This article was published on June 29, 2021, and updated on January 12, 2023
Thom Browne's signature striped branding sparked a $7 million+ lawsuit from adidas that went to court in 2023, first reported by The Fashion Law. In the suit, filed in mid-2021, adidas argued that Browne's stripes "imitates" its own inimitable Three Stripes logo, despite the two companies existing in pretty different markets.
Further, adidas claimed that, by continuing to use its four-bar branding, Thom Browne is swiping from the Three Stripes' "widespread fame and tremendous public recognition" and "extremely valuable goodwill" that adidas garnered from "millions of dollars" of public promotion (i.e. people wearing its clothing).
Thom Browne's offering has indeed expanded to include striped sportswear in recent years, while mainline fare has always incorporated at least some athleisure items, always replete with four horizontal bars.
Browne's sweatsuits and cardigans remain perennial best-sellers, for instance, and they make ample use of that striped branding.
Browne also deepened its partnership with F.C. Barcelona in recent years.
Though Nike currently sponsors the club, adidas-endorsed Messi was with Barcelona at the time that Browne began providing its players with off-pitch suiting.
Still, the lawsuit seems especially strange because adidas and Browne don't really read as competitors.
adidas' affordable hoodies, sweatpants, workout gear, and sneakers are all pretty distinct from Browne's luxurious shrunken suiting and couture-level statement pieces.
Representatives for both adidas and Thom Browne declined to comment to Highsnobiety on the ongoing case.
It's worth reiterating that adidas is famously litigious, perhaps even more so than Nike.
adidas has battled nearly every brand to even consider using a design that mildly recalls its Three Stripes, including Skechers and J. Crew, though adidas' legal capers haven't always been successful.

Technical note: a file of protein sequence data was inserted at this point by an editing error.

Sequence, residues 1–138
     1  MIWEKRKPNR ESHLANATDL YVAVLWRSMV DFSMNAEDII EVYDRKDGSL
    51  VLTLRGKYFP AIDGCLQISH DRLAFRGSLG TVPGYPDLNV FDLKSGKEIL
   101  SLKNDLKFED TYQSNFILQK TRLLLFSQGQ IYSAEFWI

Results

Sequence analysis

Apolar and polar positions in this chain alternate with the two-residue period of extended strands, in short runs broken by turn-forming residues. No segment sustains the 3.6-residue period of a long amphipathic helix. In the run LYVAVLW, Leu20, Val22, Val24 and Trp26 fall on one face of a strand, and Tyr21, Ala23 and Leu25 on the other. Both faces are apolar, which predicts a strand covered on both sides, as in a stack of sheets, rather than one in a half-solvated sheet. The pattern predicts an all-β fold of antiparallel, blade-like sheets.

adidas also claims to have been "investigating" Browne's output since 2018, even opposing Browne's attempts to file European trademarks for its branding and engaging in "fruitless" negotiations with Browne over the stripes. In December 2020, adidas prevented Browne from successfully filing a similar trademark in America.
adidas' case against Thom Browne finally came to court in early 2023, with lawyers for each company convening in Manhattan's Southern District Court on January 3. Browne himself was in attendance.
The summation of adidas' case, according to the opening remarks, is that the German sportswear giant believes that Browne intentionally used adidas-adjacent branding to bring more attention to its sportswear line, leading to consumer confusion (though adidas acknowledges that it generally operates a different market to Browne).
In return, Browne's attorney referenced an agreement that Browne and adidas made in 2007 when Browne received adidas' blessing to continue using horizontal-striped branding after he added a fourth stripe to his logo.
According to Browne's representation adidas missed the boat on clashing with Browne when it cleared him to use his four-striped logo over a decade ago, emphatically underscoring that the two companies aren't competitors and, thus, adidas' lawsuit ought to be dismissed.
After a relatively swift trial, Thom Browne triumphed over adidas on January 12, with the jury finding that Browne's four-bar logo doesn't infringe adidas' trademark three stripes.
In return, he owes adidas zero damages. However, the door is open for adidas to appeal the decision should it choose to.